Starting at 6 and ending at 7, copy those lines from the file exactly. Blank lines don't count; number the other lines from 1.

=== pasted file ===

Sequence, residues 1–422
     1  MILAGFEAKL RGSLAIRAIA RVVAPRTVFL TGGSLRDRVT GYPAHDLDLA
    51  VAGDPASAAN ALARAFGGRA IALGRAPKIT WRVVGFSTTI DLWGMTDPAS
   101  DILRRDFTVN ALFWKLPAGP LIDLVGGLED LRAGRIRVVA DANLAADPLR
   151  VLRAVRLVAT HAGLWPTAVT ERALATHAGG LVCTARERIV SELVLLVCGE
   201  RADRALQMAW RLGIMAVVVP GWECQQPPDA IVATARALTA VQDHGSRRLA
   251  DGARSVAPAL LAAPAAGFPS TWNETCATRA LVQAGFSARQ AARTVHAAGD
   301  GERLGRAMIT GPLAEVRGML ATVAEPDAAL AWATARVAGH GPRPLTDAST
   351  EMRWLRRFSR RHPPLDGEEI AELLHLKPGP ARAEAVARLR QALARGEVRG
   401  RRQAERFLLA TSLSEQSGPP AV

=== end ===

   201  RADRALQMAW RLGIMAVVVP GWECQQPPDA IVATARALTA VQDHGSRRLA
   251  DGARSVAPAL LAAPAAGFPS TWNETCATRA LVQAGFSARQ AARTVHAAGD